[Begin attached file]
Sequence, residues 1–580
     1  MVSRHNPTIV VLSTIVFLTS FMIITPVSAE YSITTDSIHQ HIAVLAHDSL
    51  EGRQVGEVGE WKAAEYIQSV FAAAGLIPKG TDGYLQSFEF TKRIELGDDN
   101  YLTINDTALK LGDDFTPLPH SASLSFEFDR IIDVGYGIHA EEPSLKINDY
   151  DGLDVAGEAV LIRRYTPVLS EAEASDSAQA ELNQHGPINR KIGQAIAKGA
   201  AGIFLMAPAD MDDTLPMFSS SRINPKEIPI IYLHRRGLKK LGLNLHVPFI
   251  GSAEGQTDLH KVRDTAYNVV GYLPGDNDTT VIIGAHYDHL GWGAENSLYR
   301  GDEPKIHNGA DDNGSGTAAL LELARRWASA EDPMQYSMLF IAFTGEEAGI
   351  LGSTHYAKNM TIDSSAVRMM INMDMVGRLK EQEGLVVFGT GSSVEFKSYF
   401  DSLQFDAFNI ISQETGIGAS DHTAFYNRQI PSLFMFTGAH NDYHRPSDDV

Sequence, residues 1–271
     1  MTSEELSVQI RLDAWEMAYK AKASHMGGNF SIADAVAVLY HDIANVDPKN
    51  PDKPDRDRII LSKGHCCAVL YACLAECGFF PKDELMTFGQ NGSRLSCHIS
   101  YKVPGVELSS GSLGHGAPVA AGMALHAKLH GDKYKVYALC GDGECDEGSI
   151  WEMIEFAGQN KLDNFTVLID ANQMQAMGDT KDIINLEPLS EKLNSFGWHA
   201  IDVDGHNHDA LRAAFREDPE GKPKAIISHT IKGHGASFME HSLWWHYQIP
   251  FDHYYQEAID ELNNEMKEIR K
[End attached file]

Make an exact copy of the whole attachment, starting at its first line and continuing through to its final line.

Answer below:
Sequence, residues 1–580
     1  MVSRHNPTIV VLSTIVFLTS FMIITPVSAE YSITTDSIHQ HIAVLAHDSL
    51  EGRQVGEVGE WKAAEYIQSV FAAAGLIPKG TDGYLQSFEF TKRIELGDDN
   101  YLTINDTALK LGDDFTPLPH SASLSFEFDR IIDVGYGIHA EEPSLKINDY
   151  DGLDVAGEAV LIRRYTPVLS EAEASDSAQA ELNQHGPINR KIGQAIAKGA
   201  AGIFLMAPAD MDDTLPMFSS SRINPKEIPI IYLHRRGLKK LGLNLHVPFI
   251  GSAEGQTDLH KVRDTAYNVV GYLPGDNDTT VIIGAHYDHL GWGAENSLYR
   301  GDEPKIHNGA DDNGSGTAAL LELARRWASA EDPMQYSMLF IAFTGEEAGI
   351  LGSTHYAKNM TIDSSAVRMM INMDMVGRLK EQEGLVVFGT GSSVEFKSYF
   401  DSLQFDAFNI ISQETGIGAS DHTAFYNRQI PSLFMFTGAH NDYHRPSDDV

Sequence, residues 1–271
     1  MTSEELSVQI RLDAWEMAYK AKASHMGGNF SIADAVAVLY HDIANVDPKN
    51  PDKPDRDRII LSKGHCCAVL YACLAECGFF PKDELMTFGQ NGSRLSCHIS
   101  YKVPGVELSS GSLGHGAPVA AGMALHAKLH GDKYKVYALC GDGECDEGSI
   151  WEMIEFAGQN KLDNFTVLID ANQMQAMGDT KDIINLEPLS EKLNSFGWHA
   201  IDVDGHNHDA LRAAFREDPE GKPKAIISHT IKGHGASFME HSLWWHYQIP
   251  FDHYYQEAID ELNNEMKEIR K